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Calorie Counting: Does it Really Work?

There are many people who are unsure whether calorie counting works. People who believe they can lose weight by counting calories believe that it is simply a matter of calories in versus calories out. Other people feel that calorie counting is outdated and ineffective, often leaving people heavier than when they started. The fact that both sides insist their ideas are science-based makes matters even more confusing. We will take a look at the evidence to determine whether counting calories can work.

Calories: How Do They Work?

The energy needed to raise 1 gram of water by 1°C is defined as a calorie. Your body gets its energy from the food and drinks you consume. Calories describe the amount of energy you consume. Your body requires calories when performing any type of physical activity. 

Calories from food are usually measured in kilocalories or thousands of calories. Despite this, many people use the term “calories” instead of “kilocalories” since the term is awkward to use.

Different types of food have different caloric values. Physical activity, on the other hand, requires the usage of those calories.

Calories: How Do You Burn Them?

Understanding how your body uses calories is crucial to understanding why they matter. Diet plays a major role here. Calories are derived from food and beverage consumption. Each of the macronutrients contributes to that amount of calories – carbs, proteins, fats. The body decomposes the food you eat during digestion. Depending on the subunit used, your body can either build tissues or produce energy.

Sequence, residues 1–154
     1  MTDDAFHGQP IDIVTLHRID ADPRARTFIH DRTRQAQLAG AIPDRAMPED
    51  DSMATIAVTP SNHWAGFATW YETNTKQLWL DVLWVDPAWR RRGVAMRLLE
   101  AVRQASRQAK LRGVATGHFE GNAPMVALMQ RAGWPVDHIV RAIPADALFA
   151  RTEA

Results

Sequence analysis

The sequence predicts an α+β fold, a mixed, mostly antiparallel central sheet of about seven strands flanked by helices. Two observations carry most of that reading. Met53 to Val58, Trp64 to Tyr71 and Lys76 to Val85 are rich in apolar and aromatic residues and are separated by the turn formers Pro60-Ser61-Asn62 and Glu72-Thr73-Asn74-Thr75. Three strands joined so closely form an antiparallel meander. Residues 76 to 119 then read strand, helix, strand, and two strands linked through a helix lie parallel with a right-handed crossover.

These nutrients are used by your body to produce calories for three primary functions: basic metabolism, digestion, and physical activity.

Providing energy to your organs is one of the main functions of calories. To support each of these functions, your body requires a certain volume of energy. As its name implies, this is the number of calories your body burns whilst essentially resting. Approximately 50% of your total daily energy needs are derived from BMR or RMR.

In order to digest and break down our food, our body uses some of the calories we eat. Foods have varying amounts of what is known as a thermic effect, which varies according to the foods eaten.

Physical activity uses the remaining calories in food. Your everyday activities, as well as workouts, contribute to this. Because of this, the number of calories needed to meet this category may vary greatly day by day and person by person.

The Benefits of Counting Calories

Calorie counting is a tried-and-true way to lose weight. Numerous studies have shown that recording your food intake and physical activity can greatly assist in weight loss. Weight loss programs that include calorie counting result in a 7-pound weight loss advantage over those that do not. You seem to have better results if you record your intake consistently.

Researchers found that those who tracked their food intake, physical activity, and body weight more frequently lost a greater amount of weight.

Why Does Calorie Counting Work?

Calorie tracking will enable you to identify the eating habits you need to pay attention to if you’re looking to lose weight. It is easier to reduce your total daily calories when you are aware of the total number of calories you eat through tracking and comparing what you eat. In addition, keeping a food diary can help you monitor your behavior. Maintaining accountability for your daily choices may motivate you to keep on moving towards your goals.